A strategy is needed and it could be formulated like this:

1. Intelligence

  • What do we know about the scale, structure and direction of the fair food movement as it presently exists?
  • What are the barriers the movement faces?
  • What opportunities can be exploited?

2. Clear intent
The fair food movement has no clearly defined and stated focus agreed to my most or all food production, distribution, food processing and advocacy organisations.

Each organisation does its work, however communication and coordination between them could be improved.Developing a common program that organisations rally around could bring together the different organisations in the fair food movement.

3. Appropriate means

The means of enacting a common program would be the work of the different food advocacy organisations in their particular areas of operation and influence, combined into a single focus.

4. Clear plan of action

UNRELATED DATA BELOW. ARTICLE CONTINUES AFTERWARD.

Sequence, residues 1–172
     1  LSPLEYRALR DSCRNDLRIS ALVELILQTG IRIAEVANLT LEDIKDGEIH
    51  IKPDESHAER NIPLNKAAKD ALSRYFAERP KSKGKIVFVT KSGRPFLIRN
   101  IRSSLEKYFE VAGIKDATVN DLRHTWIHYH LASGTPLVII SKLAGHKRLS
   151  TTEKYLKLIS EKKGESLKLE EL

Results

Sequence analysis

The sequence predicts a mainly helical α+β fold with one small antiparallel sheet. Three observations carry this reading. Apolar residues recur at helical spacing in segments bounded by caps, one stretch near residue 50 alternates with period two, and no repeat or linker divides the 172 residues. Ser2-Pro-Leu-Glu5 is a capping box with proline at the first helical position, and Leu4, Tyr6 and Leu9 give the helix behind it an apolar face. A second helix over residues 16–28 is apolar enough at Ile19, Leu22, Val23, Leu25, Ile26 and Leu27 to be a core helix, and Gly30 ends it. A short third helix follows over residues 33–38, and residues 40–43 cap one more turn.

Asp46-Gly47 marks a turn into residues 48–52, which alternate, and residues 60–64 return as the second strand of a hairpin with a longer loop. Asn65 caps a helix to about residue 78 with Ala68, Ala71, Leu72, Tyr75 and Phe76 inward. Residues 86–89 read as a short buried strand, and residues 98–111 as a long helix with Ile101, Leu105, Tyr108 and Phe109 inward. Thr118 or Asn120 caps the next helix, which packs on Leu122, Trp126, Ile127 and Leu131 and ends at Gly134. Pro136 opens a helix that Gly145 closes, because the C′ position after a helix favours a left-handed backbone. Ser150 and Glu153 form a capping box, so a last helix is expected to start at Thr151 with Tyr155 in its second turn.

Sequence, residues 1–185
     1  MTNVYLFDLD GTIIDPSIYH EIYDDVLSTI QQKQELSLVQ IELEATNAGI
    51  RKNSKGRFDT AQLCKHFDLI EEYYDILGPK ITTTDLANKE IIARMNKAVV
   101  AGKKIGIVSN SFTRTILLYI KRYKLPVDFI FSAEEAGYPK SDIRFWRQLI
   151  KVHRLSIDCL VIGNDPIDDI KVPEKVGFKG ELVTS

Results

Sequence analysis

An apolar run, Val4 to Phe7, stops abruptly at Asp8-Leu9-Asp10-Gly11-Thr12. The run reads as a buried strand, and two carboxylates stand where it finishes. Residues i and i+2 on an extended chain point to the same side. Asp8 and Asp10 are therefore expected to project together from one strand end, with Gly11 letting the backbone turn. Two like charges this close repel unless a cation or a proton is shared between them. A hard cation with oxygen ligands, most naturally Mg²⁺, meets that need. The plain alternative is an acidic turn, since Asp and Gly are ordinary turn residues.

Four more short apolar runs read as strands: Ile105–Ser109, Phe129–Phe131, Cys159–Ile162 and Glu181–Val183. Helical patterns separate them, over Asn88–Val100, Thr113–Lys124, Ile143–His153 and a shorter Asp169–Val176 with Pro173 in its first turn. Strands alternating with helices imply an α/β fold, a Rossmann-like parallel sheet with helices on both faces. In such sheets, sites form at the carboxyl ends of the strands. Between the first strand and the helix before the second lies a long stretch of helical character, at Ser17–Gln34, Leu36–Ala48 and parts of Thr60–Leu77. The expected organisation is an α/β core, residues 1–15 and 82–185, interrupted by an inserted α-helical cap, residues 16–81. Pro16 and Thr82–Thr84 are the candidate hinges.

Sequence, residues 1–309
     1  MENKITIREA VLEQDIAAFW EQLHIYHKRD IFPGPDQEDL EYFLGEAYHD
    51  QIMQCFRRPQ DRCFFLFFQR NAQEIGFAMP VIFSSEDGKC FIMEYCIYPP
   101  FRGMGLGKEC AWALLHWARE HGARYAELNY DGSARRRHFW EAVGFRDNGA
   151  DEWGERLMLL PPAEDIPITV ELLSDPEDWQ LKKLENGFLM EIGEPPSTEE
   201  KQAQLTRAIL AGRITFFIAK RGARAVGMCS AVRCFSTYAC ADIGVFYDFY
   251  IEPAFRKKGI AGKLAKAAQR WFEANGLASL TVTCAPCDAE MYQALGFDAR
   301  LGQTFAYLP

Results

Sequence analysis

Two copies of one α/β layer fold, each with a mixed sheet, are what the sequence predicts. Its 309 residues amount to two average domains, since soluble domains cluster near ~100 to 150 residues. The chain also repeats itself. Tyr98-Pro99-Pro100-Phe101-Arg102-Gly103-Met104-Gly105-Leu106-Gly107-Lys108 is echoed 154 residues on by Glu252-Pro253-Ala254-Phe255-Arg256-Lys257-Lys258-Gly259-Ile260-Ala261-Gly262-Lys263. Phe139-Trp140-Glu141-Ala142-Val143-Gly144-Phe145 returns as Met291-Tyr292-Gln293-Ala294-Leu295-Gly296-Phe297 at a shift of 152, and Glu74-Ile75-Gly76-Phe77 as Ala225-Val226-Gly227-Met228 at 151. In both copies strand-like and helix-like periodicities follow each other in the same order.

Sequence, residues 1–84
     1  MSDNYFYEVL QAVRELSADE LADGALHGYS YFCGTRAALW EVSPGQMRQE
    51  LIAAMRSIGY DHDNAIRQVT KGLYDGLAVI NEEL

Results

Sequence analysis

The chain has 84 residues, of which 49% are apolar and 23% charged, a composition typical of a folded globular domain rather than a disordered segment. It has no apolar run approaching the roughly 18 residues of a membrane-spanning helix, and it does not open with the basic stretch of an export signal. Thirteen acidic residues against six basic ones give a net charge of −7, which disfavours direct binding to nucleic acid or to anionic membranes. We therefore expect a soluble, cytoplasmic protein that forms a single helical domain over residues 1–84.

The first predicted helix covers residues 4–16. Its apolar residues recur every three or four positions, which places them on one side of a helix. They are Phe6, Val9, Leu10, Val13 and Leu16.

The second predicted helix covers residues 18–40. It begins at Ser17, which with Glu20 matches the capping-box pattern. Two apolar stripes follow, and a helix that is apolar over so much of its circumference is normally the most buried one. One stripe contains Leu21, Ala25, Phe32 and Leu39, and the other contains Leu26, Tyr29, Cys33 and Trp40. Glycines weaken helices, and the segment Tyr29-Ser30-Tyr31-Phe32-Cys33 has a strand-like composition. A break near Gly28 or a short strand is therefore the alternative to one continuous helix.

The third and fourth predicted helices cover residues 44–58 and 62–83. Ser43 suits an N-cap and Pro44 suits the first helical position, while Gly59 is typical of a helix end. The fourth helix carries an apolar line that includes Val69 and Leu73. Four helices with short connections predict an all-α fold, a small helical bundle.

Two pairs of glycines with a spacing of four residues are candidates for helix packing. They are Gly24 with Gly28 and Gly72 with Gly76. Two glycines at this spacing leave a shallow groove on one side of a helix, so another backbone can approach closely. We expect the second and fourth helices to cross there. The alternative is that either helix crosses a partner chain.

Any plan of action or common direction needs to be general so as to incorporate the different organisational structures, demographics and foci. It would probably be better not to develop even a generalised plan and agree instead on a common vector, a direction to follow. That avoids detailed planning, which can be left to the individual organisations.

All social movements require self-monitoring to assess that what they do is effective. Being effective means achieving what you set out to achieve. A means of doing this would be necessary for any social movement moving towards a common, overall goal of developing a fair food system.

A fair food movement is already being built in Australia. It can be strengthened through communication, cooperation and a common goal that brings focus. How that would be done could form the focus of a national conversation among fair food production, distribution and advocacy organisations.

Biographical note: Russ Grayson is a citizen journalist with experience in print, radio and online journalism and photojournalism. With others he taught the Permaculture Design Certificate in Sydney. He was a member of Sydney Food Fairness Alliance, a founding member of the Australian Food Sovereignty Alliance and has advised and worked for local government on policy directions for community food gardening and in the establishment of gardens. Russ has project managed food security and farmer training programs in the Solomon Islands.